A Brief History of the Employment Interview

By Posted in - Interviewing on November 19th, 2014 1 Comments

Early History – Ancient Selection Techniques

Selection decisions no doubt have been made since the beginning of time. Making such decisions using selection techniques has a shorter history but still dates back to ancient times. The earliest record likely is in the Indian political treatise called Arthasatra. This treatise, written in 4th  century BC, described a rigorous process for the selection of ministers, priests and government employees. Aristotle and Plato suggested the use of measures of physical prowess for the selection of soldiers. While there are some early references of the use of selection techniques, most psychological methods for measuring individual differences did not appear until the 1800’s.
It is not certain when the employment interview was developed. Many scholars link the origin of the employment interview to Thomas Edison. Edison was faced with the dilemma of having hundreds of applicants who wished to work with him. He needed some way to identify the best of the many so he devised a series of 150 questions to evaluate their knowledge. Some of the questions were relevant to the job being sought but many were more esoteric and related to areas of general knowledge. Few applicants could answer all the questions and Edison had developed a way of differentiating and selecting candidates from a large pool.

Other industry leaders began developing their own employment questions which eventually evolved into the employment interview process in use today.

Modern Times – The Employment Interview Process

During modern times, the employment interview was researched extensively to identify the most effective interviewing approach. This research has clearly shown unstructured interviews are little better than flipping a coin while structured behavioral interviews are one of the most powerful selection tools in use today. The behavioral interview is the most well-known and researched example of a structured interview.
The key assumption of behavioral interviews is that past behavior predicts future behavior. In a behavioral interview, the interviewer attempts to elicit descriptions of specific behaviors that were taken in past situations that closely parallel the challenges that will be faced in the job. The interviewer is not interested in how a candidate generally behaves or would behave in a hypothetical situation but wants specific examples of actions taken in specific circumstances that the candidate has faced in the past.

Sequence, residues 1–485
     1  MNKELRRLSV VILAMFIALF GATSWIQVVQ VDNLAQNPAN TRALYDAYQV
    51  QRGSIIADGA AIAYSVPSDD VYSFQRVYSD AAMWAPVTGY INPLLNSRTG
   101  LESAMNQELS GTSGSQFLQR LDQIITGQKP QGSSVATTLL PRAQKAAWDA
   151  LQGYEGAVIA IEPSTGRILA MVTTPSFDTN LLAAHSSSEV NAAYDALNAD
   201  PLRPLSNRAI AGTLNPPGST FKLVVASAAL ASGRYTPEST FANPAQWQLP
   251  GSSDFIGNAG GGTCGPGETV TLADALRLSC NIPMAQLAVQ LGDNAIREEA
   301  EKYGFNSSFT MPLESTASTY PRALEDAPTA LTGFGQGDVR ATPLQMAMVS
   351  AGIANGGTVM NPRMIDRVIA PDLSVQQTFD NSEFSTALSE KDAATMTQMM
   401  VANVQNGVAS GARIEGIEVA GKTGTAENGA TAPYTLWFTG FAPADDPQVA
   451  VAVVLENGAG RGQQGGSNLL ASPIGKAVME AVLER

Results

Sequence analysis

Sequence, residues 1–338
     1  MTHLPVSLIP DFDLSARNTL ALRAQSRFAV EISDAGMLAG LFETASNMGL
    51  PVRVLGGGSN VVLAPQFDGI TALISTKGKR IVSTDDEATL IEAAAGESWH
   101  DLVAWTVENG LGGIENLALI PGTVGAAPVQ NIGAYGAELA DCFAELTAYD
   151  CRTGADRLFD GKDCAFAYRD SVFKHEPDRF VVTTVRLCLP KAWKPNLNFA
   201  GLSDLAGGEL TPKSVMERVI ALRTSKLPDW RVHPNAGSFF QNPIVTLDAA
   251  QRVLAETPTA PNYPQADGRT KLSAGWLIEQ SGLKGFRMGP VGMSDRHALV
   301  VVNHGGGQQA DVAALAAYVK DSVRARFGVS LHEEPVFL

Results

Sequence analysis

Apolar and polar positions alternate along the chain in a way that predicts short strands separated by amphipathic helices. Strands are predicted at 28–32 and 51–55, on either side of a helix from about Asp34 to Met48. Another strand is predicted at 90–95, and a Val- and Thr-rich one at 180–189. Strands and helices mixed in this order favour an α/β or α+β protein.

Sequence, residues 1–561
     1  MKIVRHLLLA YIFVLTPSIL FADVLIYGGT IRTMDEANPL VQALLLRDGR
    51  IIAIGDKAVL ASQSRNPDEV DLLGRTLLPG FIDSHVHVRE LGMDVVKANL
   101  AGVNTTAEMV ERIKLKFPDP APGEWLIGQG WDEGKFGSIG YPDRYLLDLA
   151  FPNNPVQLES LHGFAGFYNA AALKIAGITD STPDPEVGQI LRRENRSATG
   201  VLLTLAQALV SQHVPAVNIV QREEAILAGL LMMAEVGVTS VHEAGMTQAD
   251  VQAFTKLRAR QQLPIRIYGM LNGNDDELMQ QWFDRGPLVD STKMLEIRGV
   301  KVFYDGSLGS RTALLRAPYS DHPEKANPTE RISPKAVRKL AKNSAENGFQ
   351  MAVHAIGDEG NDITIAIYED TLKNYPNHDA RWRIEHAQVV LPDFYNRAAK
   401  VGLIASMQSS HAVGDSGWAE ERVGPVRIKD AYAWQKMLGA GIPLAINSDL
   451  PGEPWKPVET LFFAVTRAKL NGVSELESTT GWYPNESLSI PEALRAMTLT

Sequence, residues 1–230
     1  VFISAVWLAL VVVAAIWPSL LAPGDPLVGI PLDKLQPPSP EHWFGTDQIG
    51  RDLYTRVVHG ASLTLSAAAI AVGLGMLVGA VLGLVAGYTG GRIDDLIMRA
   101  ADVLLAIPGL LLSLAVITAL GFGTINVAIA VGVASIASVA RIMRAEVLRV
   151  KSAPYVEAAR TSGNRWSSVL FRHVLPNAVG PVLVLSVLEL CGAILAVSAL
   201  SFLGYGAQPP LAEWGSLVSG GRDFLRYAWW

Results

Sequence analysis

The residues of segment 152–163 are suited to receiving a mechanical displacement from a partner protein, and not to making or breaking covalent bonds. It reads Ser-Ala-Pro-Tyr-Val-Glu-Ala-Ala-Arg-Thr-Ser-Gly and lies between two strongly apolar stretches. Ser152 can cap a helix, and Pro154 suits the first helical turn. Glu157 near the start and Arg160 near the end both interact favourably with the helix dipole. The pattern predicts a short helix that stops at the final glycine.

The Future – Blended Interviews

The behavioral interview still has its problems including potential negative interviewer or candidate reactions and an awkward process flow. Behavioral interviews do not flow naturally as part of a normal conversation about the person and the job. The interview follows an overly formal process that is very different than how people would normally communicate and behavioral questions without a proper context can make it difficult to establish and maintain rapport with the candidate. The behavioral interview needs to evolve.

The Blended Interview is likely the next stage in the history of the modern employment interview. The Blended Interview utilizes a variety of question types in addition to behavioral questions. Behavioral questions are still at the heart of this process but the other question types are used to:

  • Establish rapport and put the candidate at ease which makes for a more productive interview
  • Provide a conversational flow and context for asking behavioral questions
  • Obtain better and more complete behavioral responses to the behavioral questions
  • The Blended Interview blends various question types in a natural conversational flow to:
  • Collect the best behavioral information possible
  • Generate a full view of the candidate
  • Provide a superior candidate interviewing experience

Contact OMNIview to find out more about Blended Interviews.

Patrick Hauenstein, Ph.D.

About Patrick Hauenstein, Ph.D.

Patrick Hauenstein is the President and Chief Science Officer for OMNIview. During his free time Pat likes to cook. He is particularly fond of traditional southern cuisine. Pat is also an animal lover ...
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